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Then, two nights before the close of Berkland's window, I'm driving home along the broad rolling curves of Sunset Boulevard, heading east through Beverly Hills on my way to West Hollywood. On the radio, R.E.M.'s "Man on the Moon" plays like a soundtrack, and as I stare at the office towers silhouetted against the edge of the Strip, I start to think about the fault that runs beneath this pavement, wondering what would happen if it slipped. Cresting the small hill at Doheny, I catch sight of the moon, hanging fat as a cocktail onion, low and close in the sky. It's so big it fills my entire windshield, and for a moment, I can almost see Berkland's theory in action, see the moon in the closest part of its orbit, exerting its tidal pull. Meanwhile, "Man on the Moon" fades into a series of tight, martial drum rolls, and Michael Stipe starts singing, "That's great, it starts with an earthquake" -- the first line of "It's the End of the World as We Know It (And I Feel Fine)." All of a sudden, I feel like a trap door has opened up inside me, like I've been given a set of signs. I look around: Life goes on as normal. Club kids hang out in front of the Rainbow and the Roxy, and traffic moves past at a crawl. But in my head, it's as if reality itself has started to slip, as if somewhere out on Sunset, I've stumbled across a strange, intuitive kind of logic, and what it's telling me is that tonight's the night.
I finish the drive in a weird state of heightened awareness, registering every bump in the road, every gust of wind. Even after I get home, the sensation lingers, and I walk from room to room making sure cabinets are closed, and moving anything that looks like it could fall on my sleeping children's heads. On some level, I know, this is ridiculous, a classic case of the power of suggestion overwhelming the power of rational thought. Yet the edge I'm feeling grows more acute when I check my e-mail and find the latest update from Charlotte King, which describes "Heart pain . . . on and off the last few hours," a precursor (or so she says) to activity in Yucca Valley, Landers or Big Bear. "Whatever is happening that I am picking up," King writes, "will be happening in less than 12-72 hours . . . more likely 12-24 hours. We are looking at a moderate size event 4.0-4.6+." The message seems to confirm Berkland's prediction, which, in turn, only solidifies my own aura of belief. It doesn't matter whether all this is the ã product of magical thinking; it doesn't even matter whether it's true or not, just that it might be, that there might be some possibility of control. Such a state brings with it a certain clarity, and in that moment I begin to see how it might feel to be a predictor myself. The whole thing reminds me of Linda Curtis' story about calling her own small earthquake: "One morning," she told me, "I said to myself, 'Next Tuesday, there'll be a 3.5 in Riverside' -- and there was. I was so ecstatic, but I knew it was just random luck." Curtis, no doubt, is right about that, although what she calls luck I might prefer to call faith. Even so, I wonder, when does luck start to inform scientific practice? How far can you take this? How deep does it go?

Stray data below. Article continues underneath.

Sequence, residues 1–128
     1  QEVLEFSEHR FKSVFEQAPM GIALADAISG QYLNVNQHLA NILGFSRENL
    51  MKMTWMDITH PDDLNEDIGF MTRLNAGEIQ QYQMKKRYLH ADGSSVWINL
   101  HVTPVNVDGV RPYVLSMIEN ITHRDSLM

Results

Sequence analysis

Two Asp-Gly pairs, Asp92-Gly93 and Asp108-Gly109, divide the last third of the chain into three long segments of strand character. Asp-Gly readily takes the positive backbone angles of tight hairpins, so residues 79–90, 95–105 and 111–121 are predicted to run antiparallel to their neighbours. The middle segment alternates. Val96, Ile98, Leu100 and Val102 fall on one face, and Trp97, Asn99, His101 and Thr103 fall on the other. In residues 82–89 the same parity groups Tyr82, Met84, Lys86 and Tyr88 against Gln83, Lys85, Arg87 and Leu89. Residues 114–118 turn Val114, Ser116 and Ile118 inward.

EIGHT DAYS LATER, I'M STILL ASKING myself the same questions, considering the extent to which prediction is a state of mind. Berkland's Los Angeles window has passed without incident, leaving me to contemplate his methods, to ponder the point at which logic yields to desire. Is it enough that he called the Berkeley quake, or is there less to this than meets the eye? I keep thinking about that as I drive past the USGS office and park near Caltech, where I'm to meet Zhonghao Shou, a 60-year-old Chinese former chemist who, for the last nine years, has predicted earthquakes by studying the clouds.
After locking the car, I walk the half block back to campus. Along the way, I notice someone watching me from the driver's seat of a red convertible. At first, I don't think much about it, but then I notice that it's Linda Curtis, the top half of her face obscured by black sunglasses, the lower half split into a grin.